Is good nutrition enough for us to perform at our best? Should enhancers to boost performance by taking supplements be considered? Are products which claim to give us the edge over our competitors worth the money? These are some of the key questions covered throughout this module. Reference nutrient index, RNI, often found on food packets is a guide rather than a definite measurement is discussed. Too much vitamins is lost as waste or can actually cause harm, e.g. vitamin A can cause abnormalities in the foetus in a pregnant woman. So the role of vitamins and minerals, for the purpose of enhancing health and performance is explored. The benefit of antioxidants in our diets is discussed. There is a vast market of products including, sports foods, gels, bars, meal replacement products, all claiming to enhance sporting performance, so the question discussed is do they do as they say? There are also supplements, which are illegal in the sporting arena and these are explored in terms of what these are, what they claim to do and whether these claims are justified.
Accredited Level 3 Sports Nutrition Diploma Module 3 – Fluid Management
The first sign of dehydration is a sense of being unwell and severe headaches. Ensuring we consume enough fluid is vital to our health and performance as athletes. All the issues surrounding fluid intake, from how much we need to drink to remain well hydrated, to the problems associated with dehydration and heat stress are discussed. Apart from water, numerous varieties of sports drinks are available. The difference between hypotonic, isotonic and hypertonic drinks, their role and whether they are more beneficial to athletes than drinking plain water is investigated. Further sources of fluid also include other non-alcoholic drinks like diet, carbonated and caffeinated, and the value of these are considered. Alcohol can play a key role in the life of an athlete, particularly those involved in team sports, where celebrations after a win might be common practice, whilst others do not drink it at all because it can affect their performance, therefore some of the specific problems for athletes, related to the consumption of alcohol is identified.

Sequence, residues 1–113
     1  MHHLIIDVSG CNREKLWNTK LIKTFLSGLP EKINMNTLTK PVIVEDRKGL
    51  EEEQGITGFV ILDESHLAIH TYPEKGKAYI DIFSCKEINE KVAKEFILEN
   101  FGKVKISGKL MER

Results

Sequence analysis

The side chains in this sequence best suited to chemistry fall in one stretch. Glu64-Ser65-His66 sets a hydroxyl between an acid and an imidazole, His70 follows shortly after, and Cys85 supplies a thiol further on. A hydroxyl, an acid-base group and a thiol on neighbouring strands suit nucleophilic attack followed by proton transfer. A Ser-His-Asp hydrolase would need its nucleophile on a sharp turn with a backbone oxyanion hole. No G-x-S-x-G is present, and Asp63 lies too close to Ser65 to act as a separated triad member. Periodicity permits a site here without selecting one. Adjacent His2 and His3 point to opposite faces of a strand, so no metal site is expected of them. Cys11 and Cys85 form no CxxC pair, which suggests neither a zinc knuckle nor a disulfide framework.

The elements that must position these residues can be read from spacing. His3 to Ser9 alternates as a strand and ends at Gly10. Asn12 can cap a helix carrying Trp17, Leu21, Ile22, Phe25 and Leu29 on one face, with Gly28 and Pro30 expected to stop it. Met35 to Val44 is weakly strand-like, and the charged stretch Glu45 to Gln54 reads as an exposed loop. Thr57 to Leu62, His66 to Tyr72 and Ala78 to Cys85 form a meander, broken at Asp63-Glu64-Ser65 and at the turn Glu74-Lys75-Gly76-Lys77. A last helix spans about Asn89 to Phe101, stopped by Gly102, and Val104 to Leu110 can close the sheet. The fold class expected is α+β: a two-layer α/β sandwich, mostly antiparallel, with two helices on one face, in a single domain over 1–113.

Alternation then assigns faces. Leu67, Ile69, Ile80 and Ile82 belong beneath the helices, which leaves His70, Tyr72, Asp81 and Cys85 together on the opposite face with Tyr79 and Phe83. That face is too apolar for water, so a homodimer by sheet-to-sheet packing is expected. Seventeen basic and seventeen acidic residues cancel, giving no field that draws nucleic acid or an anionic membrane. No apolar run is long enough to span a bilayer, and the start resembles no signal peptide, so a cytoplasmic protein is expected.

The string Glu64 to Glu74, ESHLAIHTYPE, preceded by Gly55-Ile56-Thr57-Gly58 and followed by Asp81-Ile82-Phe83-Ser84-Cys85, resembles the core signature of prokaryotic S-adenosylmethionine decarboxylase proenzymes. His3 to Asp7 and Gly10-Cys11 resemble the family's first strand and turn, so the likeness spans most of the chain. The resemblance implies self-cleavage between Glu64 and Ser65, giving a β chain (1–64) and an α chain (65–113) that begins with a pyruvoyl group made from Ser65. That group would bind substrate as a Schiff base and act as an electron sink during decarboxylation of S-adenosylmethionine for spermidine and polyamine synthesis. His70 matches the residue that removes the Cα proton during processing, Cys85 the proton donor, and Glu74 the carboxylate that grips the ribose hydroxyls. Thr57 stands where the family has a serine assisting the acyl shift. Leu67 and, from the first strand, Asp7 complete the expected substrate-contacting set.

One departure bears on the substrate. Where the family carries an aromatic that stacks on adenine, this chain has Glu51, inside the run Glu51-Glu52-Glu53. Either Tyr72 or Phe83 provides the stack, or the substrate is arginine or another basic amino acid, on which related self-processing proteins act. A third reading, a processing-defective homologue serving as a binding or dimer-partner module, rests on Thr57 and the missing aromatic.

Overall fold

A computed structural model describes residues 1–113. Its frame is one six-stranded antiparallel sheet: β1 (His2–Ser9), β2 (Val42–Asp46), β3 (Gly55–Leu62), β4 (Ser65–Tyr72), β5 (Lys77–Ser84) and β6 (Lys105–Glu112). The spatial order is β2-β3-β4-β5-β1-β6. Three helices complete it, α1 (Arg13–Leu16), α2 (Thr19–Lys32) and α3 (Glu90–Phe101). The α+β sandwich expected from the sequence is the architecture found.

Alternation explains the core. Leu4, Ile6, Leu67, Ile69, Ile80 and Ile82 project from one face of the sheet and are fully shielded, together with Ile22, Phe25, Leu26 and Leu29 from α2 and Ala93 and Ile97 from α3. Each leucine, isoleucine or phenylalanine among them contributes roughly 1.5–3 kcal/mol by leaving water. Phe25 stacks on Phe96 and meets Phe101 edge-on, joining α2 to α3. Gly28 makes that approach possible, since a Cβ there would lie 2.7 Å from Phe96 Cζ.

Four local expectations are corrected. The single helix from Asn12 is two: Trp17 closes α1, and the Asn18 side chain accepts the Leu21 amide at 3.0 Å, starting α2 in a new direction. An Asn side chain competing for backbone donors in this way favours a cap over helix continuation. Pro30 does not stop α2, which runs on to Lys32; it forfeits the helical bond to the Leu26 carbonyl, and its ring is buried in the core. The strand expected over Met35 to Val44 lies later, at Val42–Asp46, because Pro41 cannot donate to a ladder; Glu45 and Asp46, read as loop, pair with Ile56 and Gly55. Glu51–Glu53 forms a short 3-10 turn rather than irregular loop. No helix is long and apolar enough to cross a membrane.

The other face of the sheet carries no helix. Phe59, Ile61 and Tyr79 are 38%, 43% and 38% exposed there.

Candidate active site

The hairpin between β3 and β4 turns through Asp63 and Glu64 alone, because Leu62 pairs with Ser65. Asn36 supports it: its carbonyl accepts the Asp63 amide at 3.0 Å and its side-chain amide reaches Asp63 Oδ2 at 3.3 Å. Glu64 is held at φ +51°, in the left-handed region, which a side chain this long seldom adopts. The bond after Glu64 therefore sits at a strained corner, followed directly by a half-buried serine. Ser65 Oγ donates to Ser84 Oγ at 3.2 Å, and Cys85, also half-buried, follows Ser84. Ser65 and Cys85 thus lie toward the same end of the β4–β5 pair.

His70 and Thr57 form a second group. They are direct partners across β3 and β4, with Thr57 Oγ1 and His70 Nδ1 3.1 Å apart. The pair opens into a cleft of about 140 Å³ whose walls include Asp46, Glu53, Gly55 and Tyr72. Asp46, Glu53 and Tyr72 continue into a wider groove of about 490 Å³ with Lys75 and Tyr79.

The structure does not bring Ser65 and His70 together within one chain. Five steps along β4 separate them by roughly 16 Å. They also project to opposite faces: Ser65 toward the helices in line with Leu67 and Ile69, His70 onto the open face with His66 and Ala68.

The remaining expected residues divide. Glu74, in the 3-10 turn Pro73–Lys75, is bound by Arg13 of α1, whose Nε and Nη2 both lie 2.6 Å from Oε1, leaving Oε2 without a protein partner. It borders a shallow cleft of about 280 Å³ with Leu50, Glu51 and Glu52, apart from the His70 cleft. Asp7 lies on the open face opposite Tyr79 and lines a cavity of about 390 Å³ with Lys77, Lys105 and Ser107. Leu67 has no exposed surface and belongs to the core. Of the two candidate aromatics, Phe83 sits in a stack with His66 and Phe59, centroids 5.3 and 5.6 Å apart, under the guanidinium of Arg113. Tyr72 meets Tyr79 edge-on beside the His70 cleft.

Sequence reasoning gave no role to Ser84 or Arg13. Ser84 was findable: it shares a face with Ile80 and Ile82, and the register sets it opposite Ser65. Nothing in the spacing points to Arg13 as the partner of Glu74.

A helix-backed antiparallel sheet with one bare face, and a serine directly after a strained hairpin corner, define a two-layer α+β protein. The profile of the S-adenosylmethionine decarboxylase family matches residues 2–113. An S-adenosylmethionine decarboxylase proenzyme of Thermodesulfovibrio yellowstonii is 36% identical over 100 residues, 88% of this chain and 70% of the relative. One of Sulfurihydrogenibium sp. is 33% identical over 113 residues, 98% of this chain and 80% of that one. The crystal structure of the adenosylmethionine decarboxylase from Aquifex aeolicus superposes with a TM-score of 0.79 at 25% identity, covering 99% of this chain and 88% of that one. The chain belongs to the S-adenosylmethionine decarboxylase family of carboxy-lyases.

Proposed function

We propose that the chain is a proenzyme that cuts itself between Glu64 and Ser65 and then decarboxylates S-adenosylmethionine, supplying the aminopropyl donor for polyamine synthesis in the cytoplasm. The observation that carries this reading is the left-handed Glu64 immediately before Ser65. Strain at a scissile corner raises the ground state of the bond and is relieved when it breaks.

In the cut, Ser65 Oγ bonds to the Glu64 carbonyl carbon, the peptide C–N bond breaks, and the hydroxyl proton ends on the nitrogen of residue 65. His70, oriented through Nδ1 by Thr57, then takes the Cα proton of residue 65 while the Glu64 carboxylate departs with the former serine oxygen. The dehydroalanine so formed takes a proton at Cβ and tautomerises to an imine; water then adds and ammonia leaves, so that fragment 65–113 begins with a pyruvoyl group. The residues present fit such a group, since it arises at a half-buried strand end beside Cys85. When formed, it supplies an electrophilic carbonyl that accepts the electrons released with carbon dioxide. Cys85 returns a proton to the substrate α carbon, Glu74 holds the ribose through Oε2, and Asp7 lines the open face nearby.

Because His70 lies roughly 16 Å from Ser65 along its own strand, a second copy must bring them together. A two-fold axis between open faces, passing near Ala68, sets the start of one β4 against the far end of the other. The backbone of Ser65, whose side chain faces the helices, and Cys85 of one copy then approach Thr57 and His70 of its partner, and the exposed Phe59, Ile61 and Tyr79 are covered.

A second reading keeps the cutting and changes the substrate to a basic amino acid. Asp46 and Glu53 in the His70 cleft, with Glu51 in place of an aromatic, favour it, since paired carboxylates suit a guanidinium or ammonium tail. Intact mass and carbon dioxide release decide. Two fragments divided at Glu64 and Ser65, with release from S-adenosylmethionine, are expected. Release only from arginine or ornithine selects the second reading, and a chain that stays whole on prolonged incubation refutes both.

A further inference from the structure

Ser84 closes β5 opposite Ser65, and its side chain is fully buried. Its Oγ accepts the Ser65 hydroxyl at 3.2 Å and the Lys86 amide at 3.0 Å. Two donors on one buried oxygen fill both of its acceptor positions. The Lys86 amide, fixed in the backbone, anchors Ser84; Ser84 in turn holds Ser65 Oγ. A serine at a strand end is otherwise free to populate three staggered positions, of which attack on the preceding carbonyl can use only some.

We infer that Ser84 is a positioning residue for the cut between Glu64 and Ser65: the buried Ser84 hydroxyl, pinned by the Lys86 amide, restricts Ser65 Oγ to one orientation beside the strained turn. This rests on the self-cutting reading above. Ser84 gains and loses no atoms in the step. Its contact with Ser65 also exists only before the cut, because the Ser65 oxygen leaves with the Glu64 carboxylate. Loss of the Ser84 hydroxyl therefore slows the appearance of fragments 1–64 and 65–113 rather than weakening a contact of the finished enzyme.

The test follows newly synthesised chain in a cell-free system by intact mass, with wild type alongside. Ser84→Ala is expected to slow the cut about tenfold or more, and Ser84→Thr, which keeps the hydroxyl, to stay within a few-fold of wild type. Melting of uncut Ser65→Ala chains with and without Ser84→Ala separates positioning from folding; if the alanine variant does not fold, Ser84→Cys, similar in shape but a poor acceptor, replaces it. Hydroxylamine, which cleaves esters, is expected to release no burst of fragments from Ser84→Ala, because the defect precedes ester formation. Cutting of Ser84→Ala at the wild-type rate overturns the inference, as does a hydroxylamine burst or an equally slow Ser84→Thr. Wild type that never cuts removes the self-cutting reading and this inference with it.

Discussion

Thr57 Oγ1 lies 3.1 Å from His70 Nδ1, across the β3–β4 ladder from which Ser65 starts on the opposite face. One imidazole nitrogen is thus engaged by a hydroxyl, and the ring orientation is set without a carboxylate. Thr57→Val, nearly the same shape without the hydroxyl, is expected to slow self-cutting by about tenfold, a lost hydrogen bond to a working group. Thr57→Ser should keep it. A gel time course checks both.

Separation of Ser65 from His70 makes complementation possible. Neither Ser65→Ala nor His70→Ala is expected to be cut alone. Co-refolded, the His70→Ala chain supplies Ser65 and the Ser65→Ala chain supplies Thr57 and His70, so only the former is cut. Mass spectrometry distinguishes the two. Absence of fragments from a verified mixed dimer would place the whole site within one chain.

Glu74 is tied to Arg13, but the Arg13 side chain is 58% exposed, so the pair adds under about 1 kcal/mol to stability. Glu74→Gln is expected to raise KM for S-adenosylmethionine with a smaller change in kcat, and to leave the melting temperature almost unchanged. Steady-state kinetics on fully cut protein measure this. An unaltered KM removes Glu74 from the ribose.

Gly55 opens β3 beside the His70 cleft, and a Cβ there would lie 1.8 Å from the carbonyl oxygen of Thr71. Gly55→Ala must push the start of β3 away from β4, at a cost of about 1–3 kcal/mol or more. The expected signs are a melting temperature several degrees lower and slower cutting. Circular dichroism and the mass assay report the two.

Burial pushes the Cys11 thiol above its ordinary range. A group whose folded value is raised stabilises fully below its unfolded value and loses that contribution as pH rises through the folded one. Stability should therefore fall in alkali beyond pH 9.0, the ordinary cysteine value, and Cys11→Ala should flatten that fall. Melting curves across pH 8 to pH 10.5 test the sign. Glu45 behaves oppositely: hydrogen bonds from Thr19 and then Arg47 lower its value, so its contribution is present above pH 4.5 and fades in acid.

Accredited Level 3 Sports Nutrition Diploma Module 4 – Weight Management
Weight management is not solely the concern of athletes, although many athletes do have to “make weight” for their particular sport, e.g. for jockeys, boxers and gymnasts. Athletes are not generally considered as being “overweight”. However, to perform at their best, a lot of athletes like to shed some body fat rather than muscle protein or build their protein level. This must be done healthily. A weight-loss eating plan is included, as well as tips for losing weight successfully, for example, by increasing and maintaining the metabolic rate.
Accredited Level 3 Sports Nutrition Diploma Module 5 – Managing Body Composition
Diet is linked to exercise and if the balance changes, then excess energy will be stored as fat. The ways of managing body composition once the intended weight has been reached is discussed. The link between body fat and performance and how to measure body fat distribution is shown. If weight needs to be gained it must be done through muscle gain and not extra body fat, which hinders performance. How to gain weight successfully, by following a weight-gain eating plan and weight-gain tips are provided. In order to maintain, repair and regenerate extra muscle, the best way to follow a diet and exercise regime will be taught.
Accredited Level 3 Sports Nutrition Diploma Module 6 – Women Athletes